Statement of Professional Values
This statement presents the core values of PRSA
members and, more broadly, of the public relations
These values provide the foundation for the Member Code
of Ethics and set the industry standard for the professional
practice of public relations.
These values are the fundamental beliefs that guide our
behaviors and decision-making process.
We believe our professional values are vital to the integrity
of the profession as a whole.
We serve the public interest by acting as responsible advocates for those we represent.
We provide a voice in the marketplace of ideas, facts & viewpoints to aid informed public
We adhere to the highest standards of accuracy & truth in advancing the interests of those
we represent & in communicating with the public.
We acquire and responsibly use specialized knowledge & experience. We advance the
profession through continued professional development, research & education. We build
mutual understanding, credibility & relationships among a wide array of institutions and
We provide objective counsel to those we represent. We are accountable for our actions.
We are faithful to those we represent, while honoring our obligation to serve the public
We deal fairly with clients, employers, competitors, peers, vendors, the media &
the general public. We respect all opinions & support the right of free expression.Part 1-b
PROVISIONS OF CONDUCT
FREE FLOW OF INFORMATION
Protecting & advancing free flow of accurate & truthful information essential to
serving the public interest & contributing to informed decision making in a
Promoting healthy & fair competition among professionals preserves an ethical
climate while fostering a robust business environment.
DISCLOSURE OF INFORMATION
Open communication fosters informed decision making in a democratic society.
Client trust requires appropriate protection of confidential and private information.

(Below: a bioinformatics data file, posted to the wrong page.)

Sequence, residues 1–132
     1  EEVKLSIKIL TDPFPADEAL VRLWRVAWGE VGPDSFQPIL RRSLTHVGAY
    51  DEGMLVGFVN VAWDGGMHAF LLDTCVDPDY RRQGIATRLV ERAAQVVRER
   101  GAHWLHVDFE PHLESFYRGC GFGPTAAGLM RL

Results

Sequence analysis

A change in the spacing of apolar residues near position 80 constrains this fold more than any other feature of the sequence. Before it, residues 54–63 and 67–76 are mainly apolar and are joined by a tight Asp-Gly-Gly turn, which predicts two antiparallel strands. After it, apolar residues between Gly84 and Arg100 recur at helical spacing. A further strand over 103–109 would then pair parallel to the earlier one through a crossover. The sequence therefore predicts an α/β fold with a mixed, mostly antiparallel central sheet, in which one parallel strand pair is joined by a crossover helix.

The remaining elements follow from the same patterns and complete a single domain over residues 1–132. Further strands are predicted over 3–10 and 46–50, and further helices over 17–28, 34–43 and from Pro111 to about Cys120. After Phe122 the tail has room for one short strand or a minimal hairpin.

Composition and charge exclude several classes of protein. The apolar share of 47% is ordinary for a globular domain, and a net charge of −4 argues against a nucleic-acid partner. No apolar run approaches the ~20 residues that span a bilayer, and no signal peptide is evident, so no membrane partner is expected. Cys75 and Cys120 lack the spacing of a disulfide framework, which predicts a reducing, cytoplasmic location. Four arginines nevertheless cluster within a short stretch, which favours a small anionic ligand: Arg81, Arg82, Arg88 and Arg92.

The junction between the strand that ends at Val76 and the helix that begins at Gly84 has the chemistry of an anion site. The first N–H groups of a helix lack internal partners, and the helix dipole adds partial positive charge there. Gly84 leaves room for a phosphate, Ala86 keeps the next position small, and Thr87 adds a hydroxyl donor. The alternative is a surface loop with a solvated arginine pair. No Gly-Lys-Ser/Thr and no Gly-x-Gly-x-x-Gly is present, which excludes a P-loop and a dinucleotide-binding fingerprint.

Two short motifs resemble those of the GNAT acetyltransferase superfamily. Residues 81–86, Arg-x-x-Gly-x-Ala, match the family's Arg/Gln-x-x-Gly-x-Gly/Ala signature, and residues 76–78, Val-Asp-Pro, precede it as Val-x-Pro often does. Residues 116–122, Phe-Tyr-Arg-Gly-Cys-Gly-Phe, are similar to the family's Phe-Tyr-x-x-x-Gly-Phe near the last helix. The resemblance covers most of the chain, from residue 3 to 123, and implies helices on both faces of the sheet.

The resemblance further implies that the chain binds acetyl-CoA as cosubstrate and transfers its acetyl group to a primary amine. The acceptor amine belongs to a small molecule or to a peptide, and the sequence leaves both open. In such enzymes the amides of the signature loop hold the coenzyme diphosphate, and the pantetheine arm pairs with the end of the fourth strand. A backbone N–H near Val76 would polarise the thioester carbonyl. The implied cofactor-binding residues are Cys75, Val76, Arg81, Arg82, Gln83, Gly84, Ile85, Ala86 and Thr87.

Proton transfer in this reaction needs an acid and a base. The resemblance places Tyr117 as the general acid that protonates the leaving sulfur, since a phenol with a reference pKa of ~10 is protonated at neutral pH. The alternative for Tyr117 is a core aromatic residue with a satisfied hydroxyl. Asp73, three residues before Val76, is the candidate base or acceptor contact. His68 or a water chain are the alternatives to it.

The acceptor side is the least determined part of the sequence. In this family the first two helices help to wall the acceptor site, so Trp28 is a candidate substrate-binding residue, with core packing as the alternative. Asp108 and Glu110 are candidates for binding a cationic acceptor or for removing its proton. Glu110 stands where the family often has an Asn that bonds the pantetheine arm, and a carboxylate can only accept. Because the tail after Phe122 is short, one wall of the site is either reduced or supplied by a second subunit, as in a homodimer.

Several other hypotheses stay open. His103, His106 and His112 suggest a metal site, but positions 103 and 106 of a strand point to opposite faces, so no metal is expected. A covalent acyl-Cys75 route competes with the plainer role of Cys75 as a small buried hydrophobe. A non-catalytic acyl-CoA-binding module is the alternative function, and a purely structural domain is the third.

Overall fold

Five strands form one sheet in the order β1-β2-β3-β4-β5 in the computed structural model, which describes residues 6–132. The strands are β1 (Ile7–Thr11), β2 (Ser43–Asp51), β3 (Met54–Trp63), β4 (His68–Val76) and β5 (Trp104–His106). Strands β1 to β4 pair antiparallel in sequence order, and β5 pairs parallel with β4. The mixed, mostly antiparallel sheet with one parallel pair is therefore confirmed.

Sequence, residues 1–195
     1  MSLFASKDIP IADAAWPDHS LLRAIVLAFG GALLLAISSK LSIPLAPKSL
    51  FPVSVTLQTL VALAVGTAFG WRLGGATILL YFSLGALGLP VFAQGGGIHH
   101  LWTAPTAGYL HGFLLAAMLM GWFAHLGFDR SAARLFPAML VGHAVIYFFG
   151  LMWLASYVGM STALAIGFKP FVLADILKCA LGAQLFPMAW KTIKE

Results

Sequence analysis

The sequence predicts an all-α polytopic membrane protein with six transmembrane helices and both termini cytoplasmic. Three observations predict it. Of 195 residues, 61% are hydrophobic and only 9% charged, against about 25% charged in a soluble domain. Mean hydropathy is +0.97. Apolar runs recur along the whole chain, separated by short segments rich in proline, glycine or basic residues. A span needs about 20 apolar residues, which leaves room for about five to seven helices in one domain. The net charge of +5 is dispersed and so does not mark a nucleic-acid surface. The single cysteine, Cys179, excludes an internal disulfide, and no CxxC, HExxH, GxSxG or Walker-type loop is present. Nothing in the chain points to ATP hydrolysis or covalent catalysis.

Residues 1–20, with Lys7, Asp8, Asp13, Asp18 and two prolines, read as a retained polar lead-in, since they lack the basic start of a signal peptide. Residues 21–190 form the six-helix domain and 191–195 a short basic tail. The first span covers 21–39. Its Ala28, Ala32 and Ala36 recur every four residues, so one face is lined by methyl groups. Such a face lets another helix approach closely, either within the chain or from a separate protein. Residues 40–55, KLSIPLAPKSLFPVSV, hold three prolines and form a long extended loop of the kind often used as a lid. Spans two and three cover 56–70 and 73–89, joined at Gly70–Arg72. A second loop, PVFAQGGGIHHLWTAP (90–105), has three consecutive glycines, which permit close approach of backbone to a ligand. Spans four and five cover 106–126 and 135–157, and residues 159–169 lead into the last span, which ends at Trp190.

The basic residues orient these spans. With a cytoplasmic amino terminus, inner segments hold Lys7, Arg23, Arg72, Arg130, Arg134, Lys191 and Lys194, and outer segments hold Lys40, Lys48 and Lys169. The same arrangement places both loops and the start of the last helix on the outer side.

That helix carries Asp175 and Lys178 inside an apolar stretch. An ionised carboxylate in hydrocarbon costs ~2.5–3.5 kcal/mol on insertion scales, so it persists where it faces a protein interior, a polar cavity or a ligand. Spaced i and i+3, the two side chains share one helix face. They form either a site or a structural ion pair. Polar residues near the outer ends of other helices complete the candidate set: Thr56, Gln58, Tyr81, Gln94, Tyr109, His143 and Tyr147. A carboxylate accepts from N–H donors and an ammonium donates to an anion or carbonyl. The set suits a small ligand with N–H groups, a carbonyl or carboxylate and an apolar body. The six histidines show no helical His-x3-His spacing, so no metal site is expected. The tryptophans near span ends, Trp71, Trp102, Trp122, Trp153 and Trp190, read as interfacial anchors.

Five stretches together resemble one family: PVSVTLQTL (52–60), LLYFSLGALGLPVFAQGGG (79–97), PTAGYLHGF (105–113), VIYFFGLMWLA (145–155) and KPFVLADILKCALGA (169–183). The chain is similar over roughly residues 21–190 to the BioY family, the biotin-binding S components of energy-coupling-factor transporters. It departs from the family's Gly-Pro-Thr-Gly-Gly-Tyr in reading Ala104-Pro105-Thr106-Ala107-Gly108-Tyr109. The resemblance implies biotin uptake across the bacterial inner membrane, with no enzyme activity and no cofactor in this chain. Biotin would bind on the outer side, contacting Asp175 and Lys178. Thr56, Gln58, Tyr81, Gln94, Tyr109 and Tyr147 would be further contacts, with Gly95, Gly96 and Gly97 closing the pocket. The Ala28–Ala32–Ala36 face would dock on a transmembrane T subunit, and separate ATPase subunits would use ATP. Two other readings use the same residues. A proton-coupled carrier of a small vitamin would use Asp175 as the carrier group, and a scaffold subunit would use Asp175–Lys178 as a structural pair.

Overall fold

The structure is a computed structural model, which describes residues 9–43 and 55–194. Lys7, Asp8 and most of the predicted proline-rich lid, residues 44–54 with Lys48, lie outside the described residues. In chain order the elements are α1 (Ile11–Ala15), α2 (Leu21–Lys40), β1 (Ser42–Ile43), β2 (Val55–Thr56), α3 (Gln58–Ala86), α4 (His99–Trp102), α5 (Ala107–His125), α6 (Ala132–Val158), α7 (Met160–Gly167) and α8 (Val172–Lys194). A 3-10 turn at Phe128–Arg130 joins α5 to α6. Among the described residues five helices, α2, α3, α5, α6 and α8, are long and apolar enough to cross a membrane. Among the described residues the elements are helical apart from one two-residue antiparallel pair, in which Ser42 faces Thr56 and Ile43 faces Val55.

CONFLICTS OF INTEREST
Avoiding real, potential or perceived conflicts of interest builds the trust of clients,
employers & the publics.
ENHANCING THE PROFESSION
Public relations professionals work constantly to strengthen the public's trust in the
profession. Part 1-c
Ivy Ledbetter Lee, “Declaration of Principles” (1906)
"This is not a secret press bureau. All our work is done in the
open. We aim to supply news.
"This is not an advertising agency. If you think any of our matter
ought properly to go to your business office, do not use it.
"Our matter is accurate. Further details on any subject treated
will be supplied promptly, and any editor will be assisted most
carefully in verifying directly any statement of fact. ...
"In brief, our plan is frankly, and openly, on behalf of business
concerns and public institutions, to supply the press and public of
the United States prompt and accurate information concerning
subjects which it is of value and interest to the public to know
Use of Case Studies
Loyal opposition or Devil’s Advocate - Assume perspective of
stakeholders (not necessarily your own view)
Powerful Allies – Get someone else to champion the cause or to
Provide Viable Alternatives/Choices
RAISING THE ISSUE - TECHNIQUES
During a media interview, your CEO misstates a key fact
about your firm’s product capability, making it sound far
more advanced than it really is.
It was purely an accident and was not intended to mislead,
but the fact is now part of the published story.
What should you do?
A. Nothing. It is too late to fix.
B. Send a letter to the editor asking for a printed
C. Send a notice to your customers making them aware of
D. Both B & C above.